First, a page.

Roger Cohen in today's NYT is worried about the pendulum in the U.S. swinging too far in the direction of big government. We need change, according to Cohen, but we don't need to emulate the European "nanny states" which make it more "attractive" to be unemployed than employed. As if that were the problem right now -- people who have lost their jobs finding it more "attractive" to be unemployed! I'm not sure what parallel universe Roger Cohen is inhabiting, but it's a weird one.
Obama, Mr. Cohen says, must be careful to avoid his "French temptation" by not moving too much in the direction of étatisme. Mr. Cohen's historical clock seems to have stopped in 1983 or thereabouts, when capital flight "forced" François Mitterand to make a U-turn in his economic policies, thereby abandoning the platform on which he won the 1981 French presidential elections. Obama, for better or worse, is not Mitterand, and the differences in national versions of capitalism are rooted in structural factors that, again for better or worse, will not and cannot be changed by any U.S. president's actions and proposals, no matter how far-reaching. Well, let me amend that: by the actions of any U.S. president who actually is able to get elected. If Dennis Kucinich were president rather than Barack Obama, then perhaps -- perhaps -- the NYT could publish a column like this and not wind up embarrassed. However, Kucinich is not president, and the column is, for the most part, rather embarrassing.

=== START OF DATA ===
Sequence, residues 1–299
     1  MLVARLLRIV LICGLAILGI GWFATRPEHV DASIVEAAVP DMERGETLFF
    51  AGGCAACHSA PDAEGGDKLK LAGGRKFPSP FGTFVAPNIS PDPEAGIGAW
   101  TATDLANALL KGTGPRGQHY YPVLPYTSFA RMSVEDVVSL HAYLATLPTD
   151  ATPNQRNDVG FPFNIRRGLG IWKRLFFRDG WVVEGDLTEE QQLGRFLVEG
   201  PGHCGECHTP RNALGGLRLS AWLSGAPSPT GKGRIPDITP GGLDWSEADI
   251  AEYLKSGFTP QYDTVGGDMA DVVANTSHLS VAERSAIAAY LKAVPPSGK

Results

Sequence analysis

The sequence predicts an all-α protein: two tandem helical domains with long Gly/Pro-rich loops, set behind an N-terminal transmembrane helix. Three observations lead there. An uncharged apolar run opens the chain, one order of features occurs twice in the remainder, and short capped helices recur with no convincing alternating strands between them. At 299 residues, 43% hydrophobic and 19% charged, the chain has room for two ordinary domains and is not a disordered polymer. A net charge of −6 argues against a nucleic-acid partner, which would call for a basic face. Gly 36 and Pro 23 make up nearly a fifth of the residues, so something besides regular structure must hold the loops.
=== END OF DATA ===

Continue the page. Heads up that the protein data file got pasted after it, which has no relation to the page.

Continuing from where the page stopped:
Cohen waxes eloquent about the U.S. national mythology of boundless opportunity and the capacity for re-invention and innovation. "Americans are always, in their imaginations, at the new frontier." Cohen does not seem to realize that this is a mythology; to be sure, it has some (rather tenuous) basis in fact, but basically it is a creed rather than a roadmap to effective governing, especially in the midst of an economic crisis. National myths are important, but they should never be confused with accurate pictures of (or guides to dealing with) reality, which is always more messy. There really is no "French temptation" worth speaking of. It's a figment of Mr. Cohen's imagination and of the far more overheated imaginations of Mitt Romney, Rush Limbaugh, and their epigones.